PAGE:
Ella Tyler found a few surprises in retirement that led her to return to the work force.
But like many retirees, the work she's doing now in no way resembles what she used to do in her professional career.
Tyler, 67, had quit practicing law when she moved to Texas after she got married. But then her husband died. And after Tyler remodelled her house, she realized she needed more money.
That prompted Tyler to look for jobs to pick up extra work.
She noticed an ad for tutors for the Law School Admissions Test with Varsity Tutors, an online education platform. Now, Tyler keeps busy teaching classes for the LSAT exam, as well as English as a second language and business writing, for up to $27 per hour.
The extra money, plus the ability to still use her professional skills, has given Tyler new confidence.
"As you get older, you wonder if you still have it," Tyler said. "And yes, I do. So there's a little bit of an ego satisfaction to it."
Tyler is not alone. About 31 percent of workers who only work in the gig economy are baby boomers, according to a 2017 Prudential Financial survey, and 34 percent of those workers are retired.
For boomers, this work can involve overcoming the belief that there's a stigma attached to contract work and understanding that they need to be immediately available and familiar with technology in order to compete, according to Olga Mizrahi, author of the book "The Gig is Up: Thrive in the Gig Economy, Where Old Jobs are Obsolete and Freelancing is the Future."
"Even if you're hired offline, I think that immediacy and being able to respond right away is really paramount for success," Mizrahi said.
Many retirees have their pick from opportunities, depending on their time and resources, as the gig economy continues to grow.
"It can be on your terms," said Jason Guggisberg, regional vice president at Adecco USA, which provides recruitment and staffing services. "Remember that you provide value for the company you're going to work for."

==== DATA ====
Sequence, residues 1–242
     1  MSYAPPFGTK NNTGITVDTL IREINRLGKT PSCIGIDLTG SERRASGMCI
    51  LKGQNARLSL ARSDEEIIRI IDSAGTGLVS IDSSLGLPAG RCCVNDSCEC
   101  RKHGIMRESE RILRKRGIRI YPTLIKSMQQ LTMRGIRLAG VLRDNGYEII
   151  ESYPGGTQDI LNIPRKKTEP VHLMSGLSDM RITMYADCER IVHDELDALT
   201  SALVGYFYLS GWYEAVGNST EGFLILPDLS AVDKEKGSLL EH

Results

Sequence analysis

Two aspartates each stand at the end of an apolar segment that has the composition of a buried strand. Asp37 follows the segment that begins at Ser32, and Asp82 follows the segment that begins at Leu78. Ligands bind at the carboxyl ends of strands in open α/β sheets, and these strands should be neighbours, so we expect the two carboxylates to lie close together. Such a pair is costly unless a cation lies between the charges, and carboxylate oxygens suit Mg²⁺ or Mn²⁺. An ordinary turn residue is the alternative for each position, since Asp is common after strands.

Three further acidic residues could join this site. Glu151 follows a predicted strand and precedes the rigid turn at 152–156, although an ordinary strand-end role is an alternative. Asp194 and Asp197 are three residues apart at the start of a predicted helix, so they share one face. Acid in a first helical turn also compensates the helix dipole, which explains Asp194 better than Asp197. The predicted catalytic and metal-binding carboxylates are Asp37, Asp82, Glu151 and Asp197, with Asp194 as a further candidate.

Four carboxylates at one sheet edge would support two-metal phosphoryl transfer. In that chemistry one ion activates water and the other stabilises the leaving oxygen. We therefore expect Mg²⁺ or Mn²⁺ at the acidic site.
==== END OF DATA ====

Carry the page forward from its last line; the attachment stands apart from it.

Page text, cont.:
Here are some roles that you might want to take on to pad your income.
Put your skills to use by teaching others what you know. That can include everything from your professional expertise, as Tyler does with Varsity Tutors, to other abilities such as skiing or swimming.
Financial advisor George Reilly, a principal at Safe Harbor Financial Advisors, said his clients include a retired married couple who share their love for history as tour guides in the Washington, D.C., area. Giving tours can let you share your passion for a particular site or city.
One photographer, Jillian Cain, accidentally landed on an income stream when she discovered she could sell the photographs she enjoyed taking as stock photography. Shutterstock and other platforms can allow you to sell those photos for a profit, as long as you don't mind sharing them.
From moving and cleaning to furniture assembly and personal shopping, if you have a knack for a specific task, chances are there's someone who needs your help. Sites like TaskRabbit can help you connect with those in need.
If you have a car and the time, you can make extra cash by giving rides to passengers via apps such as Uber and Lyft.
Rent out a room in your home or a second home via Airbnb.
Certain sites — including Sittercity and Care.com — let you list babysitting and other caretaking services. Other sites like Rover let you list your services specifically aimed at pets.
Make money by selling what's already in your closet by listing new and used clothing on platforms such as Poshmark or thredUP.